|Rhonda Glenn (USGA)|
Glenn's so-called retirement will include working on her ninth book, an autobiography of LPGA great Nancy Lopez. Lisa Mickey profiled Glenn in "Giving Voice to Women's Game" in the New York Times:
Glenn, 67, retired last week after nearly 50 years as a journalist and an employee of the United States Golf Association. Her desire to document the strokes, triumphs and challenges of players often far from public view shaped her career as a writer-historian.
Glenn literally wrote the book on women's golf, the landmark work "The Illustrated History of Women’s Golf," published in 1991." ... I'd see these women chasing their dreams, and there was a certain nobility to that," Glenn told Mickey. "That's when I decided to become a journalist, because I didn't want their stories to be lost."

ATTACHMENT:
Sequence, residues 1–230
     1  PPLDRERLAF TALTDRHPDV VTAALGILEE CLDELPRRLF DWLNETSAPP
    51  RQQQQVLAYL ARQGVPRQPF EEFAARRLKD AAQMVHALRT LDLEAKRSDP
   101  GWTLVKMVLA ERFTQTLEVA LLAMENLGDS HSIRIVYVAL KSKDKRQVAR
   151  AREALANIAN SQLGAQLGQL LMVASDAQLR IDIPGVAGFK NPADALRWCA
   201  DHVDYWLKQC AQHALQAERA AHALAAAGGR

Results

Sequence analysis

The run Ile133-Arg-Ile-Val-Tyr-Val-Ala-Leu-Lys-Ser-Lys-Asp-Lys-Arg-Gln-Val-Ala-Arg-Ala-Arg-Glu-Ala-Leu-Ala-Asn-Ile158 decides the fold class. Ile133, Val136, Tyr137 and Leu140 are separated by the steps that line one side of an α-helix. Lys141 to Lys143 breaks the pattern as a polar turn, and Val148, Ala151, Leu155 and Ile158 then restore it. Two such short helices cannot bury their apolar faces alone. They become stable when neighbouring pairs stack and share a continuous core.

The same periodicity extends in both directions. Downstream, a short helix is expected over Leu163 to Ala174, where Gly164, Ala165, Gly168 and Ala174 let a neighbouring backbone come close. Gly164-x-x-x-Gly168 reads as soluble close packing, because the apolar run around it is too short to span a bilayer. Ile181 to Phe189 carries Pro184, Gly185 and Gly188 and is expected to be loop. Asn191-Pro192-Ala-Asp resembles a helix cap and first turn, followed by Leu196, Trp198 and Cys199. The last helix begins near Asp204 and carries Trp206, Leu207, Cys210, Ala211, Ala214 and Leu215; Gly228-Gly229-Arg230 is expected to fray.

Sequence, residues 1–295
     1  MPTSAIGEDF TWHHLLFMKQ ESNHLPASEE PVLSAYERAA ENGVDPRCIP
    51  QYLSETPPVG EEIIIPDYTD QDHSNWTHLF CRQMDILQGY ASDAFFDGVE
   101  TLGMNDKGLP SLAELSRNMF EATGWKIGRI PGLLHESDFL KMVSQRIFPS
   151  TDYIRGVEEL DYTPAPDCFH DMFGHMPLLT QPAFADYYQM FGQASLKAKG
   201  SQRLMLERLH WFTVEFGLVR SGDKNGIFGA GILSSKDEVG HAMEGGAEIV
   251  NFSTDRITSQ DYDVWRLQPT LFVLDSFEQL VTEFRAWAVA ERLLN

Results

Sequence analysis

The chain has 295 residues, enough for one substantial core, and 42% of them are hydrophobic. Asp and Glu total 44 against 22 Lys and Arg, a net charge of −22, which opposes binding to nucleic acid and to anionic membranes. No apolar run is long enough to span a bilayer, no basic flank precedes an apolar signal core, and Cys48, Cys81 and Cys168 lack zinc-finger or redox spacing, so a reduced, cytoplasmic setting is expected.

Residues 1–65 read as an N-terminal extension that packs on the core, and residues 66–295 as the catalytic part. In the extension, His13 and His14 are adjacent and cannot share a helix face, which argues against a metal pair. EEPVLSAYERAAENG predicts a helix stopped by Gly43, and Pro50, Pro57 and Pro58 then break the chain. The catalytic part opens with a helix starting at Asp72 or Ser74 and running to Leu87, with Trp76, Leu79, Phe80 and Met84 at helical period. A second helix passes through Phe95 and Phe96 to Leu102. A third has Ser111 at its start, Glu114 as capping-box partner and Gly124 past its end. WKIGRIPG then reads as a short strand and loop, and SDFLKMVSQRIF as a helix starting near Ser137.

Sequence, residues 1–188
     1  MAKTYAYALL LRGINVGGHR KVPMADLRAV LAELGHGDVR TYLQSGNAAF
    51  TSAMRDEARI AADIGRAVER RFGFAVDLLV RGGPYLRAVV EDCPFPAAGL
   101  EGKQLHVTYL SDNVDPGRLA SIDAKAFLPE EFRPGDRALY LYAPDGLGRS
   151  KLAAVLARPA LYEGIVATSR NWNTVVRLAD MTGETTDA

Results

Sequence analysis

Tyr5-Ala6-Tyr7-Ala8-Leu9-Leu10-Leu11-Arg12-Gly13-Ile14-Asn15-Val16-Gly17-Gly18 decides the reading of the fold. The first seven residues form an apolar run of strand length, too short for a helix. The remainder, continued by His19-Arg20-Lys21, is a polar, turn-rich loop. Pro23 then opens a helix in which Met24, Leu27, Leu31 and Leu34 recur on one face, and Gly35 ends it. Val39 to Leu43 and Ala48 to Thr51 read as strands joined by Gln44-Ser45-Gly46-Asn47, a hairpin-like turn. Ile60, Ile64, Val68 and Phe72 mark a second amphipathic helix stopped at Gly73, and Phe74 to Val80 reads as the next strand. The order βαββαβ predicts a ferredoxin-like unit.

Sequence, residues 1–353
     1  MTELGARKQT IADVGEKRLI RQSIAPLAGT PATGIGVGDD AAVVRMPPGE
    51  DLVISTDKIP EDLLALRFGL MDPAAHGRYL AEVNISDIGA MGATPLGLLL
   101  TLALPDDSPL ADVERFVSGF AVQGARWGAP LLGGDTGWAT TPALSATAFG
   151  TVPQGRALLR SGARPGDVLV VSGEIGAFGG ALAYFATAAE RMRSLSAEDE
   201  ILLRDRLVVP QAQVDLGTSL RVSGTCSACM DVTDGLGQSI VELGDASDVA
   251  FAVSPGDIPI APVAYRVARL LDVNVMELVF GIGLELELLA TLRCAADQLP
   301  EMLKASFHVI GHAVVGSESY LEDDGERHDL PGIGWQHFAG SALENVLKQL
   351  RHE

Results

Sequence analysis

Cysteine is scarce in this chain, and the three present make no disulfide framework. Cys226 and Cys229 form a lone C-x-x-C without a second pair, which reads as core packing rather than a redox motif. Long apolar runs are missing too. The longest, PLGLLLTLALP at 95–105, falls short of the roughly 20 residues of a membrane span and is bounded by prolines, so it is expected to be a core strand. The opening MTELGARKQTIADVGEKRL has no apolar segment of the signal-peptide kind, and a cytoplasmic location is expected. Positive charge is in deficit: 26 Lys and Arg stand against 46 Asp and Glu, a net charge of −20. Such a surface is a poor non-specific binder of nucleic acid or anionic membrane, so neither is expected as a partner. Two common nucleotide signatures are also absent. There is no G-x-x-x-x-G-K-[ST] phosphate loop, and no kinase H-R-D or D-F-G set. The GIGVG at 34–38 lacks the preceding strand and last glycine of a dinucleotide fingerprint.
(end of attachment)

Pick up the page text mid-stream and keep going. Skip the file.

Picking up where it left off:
Glenn got started as a teen, working as a radio announcer and sports director in Florida. She interviewed Louise Suggs, Arnold Palmer and Jack Nicklaus, all future Hall of Famers.
"I wasn't afraid," she said. "What was important was the interview."
Glenn moved on to a newspaper in Texas and then into television in Virginia, eventually landing a job as a golf commentator for ABC. She became the first female sportscaster for ESPN in 1981.
Glenn's work at the USGA included the establishment of a Mickey Wright Room alongside the Ben Hogan and Arnold Palmer rooms at the USGA Museum. Wright is appreciative of Glenn's dedication to the women's game.
"That room in the museum is not just a tribute to me," Wright said in the article. "It's a tribute to all the women before me."
Glenn may have retired from the USGA -- because of the extensive travel, she said -- but she hasn't retired from telling stories.